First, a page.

Companies make hundreds of billions of dollars selling data tracking where you go and what you buy — here’s how one app lets you get a slice of the profits

  • Killi wants to give its users control of their data that’s collected and sold to companies — and have them get paid for it, too.
  • The app collects data from its users and sells it to companies, then splits the profits 50/50 with those users.
  • “The way in which people are collecting data and storing data is really under pressure,” said Neil Sweeney, founder and CEO of Killi.
  • Data privacy is top of mind for consumers and governments, which have been rolling out legislation like the EU’s GDPR and the California Consumer Privacy Act.
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Consumer data is constantly collected, packaged, and sold.

But an app called Killi puts consumers in control of the data that’s crucial for helping companies target ads  — and helps them get paid for it, too.

“What we think should happen is that visibility and control should include the consumer, because currently it doesn’t,” said Neil Sweeney, founder and chief executive of Killi.

Six in 10 Americans believe it’s impossible to go through daily life without having data collected, according to a 2019 report by the Pew Research Center. And 81% of those surveyed don’t feel like they have control over what data is collected by companies.

And while it’s hard to pin down an exact number, consumer data is a growing market. Sweeney sees a trillion-dollar opportunity in the global data market. Including YouTube advertisements, Google reported $149 billion in advertising revenue in 2019. And Facebook reported nearly $70 billion of ad revenue in 2019, a 27% increase from 2018.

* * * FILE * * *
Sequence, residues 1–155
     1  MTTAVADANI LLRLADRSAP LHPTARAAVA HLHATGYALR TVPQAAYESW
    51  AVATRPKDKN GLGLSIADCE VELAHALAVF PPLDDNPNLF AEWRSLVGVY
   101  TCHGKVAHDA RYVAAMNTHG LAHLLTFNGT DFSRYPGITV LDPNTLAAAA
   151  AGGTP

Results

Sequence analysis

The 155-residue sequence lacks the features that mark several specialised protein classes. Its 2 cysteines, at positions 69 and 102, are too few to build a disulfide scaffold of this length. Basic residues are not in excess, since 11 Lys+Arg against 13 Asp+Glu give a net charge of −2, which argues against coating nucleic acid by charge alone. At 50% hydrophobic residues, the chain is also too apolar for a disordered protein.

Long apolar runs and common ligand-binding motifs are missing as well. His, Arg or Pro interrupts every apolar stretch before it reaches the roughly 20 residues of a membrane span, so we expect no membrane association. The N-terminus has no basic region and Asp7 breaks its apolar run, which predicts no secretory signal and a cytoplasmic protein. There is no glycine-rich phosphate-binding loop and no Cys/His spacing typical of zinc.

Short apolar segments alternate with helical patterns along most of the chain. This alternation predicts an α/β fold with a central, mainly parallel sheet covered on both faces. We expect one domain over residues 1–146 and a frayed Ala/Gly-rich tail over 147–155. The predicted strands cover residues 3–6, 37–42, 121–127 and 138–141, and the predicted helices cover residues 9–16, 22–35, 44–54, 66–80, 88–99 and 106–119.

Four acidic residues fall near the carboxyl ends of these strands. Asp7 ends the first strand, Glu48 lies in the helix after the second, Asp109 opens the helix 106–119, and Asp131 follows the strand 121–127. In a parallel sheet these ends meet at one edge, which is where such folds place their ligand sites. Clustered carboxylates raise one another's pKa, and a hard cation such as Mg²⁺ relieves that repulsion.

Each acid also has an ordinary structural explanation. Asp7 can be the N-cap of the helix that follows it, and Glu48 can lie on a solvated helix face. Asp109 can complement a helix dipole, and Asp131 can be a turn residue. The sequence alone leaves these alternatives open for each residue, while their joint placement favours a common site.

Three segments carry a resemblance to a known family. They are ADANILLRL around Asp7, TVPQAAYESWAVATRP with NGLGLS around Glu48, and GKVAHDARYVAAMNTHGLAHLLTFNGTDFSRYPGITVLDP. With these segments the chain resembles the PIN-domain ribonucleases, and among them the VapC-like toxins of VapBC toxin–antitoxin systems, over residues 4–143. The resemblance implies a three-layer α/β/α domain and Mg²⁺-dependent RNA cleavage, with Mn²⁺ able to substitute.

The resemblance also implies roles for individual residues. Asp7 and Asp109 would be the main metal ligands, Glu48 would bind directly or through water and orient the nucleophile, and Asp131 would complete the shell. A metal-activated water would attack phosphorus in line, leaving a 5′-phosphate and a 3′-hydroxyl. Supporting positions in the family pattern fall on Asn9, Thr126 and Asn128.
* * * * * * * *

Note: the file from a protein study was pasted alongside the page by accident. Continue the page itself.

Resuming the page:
By 2022, revenues for big data and business analytics companies could reach $274.3 billion, according to research firm International Data Corporation.

Killi’s focus on consented data comes at a time when privacy is a growing concern for consumers and regulators.

Earlier this year, Google announced it will remove third-party cookies from its Chrome browser in the next two years.

Jumpshot, an analytics firm, ceased operations after an investigation Vice and PCMag alleged its parent company Avast was selling people’s web browsing data without their consent to companies like Home Depot, Microsoft, and McKinsey.

And around the world, governments are passing laws intended to protect consumer privacy, especially online.

Laws like the California Consumer Privacy Act and the European Union’s General Data Protection Regulation (GDPR) have been enacted amid these growing consumer privacy concerns.

How Killi works

Killi is an app-based platform for companies to buy consumer data knowing that the consumers behind that data have consented to its sale. In addition to letting users choose when and what data they share, Killi splits the profits 50/50 with users that shared data that was sold.

Users are eligible to earn in two ways, which Killi calls active and passive. 

Active earnings come from users answering questions on various surveys. The companies and research firms who commission the surveys negotiate a price with Killi, and each user typically earns less than $1 per survey.

Killi Various surveys are offered through Killi’s app.

Killi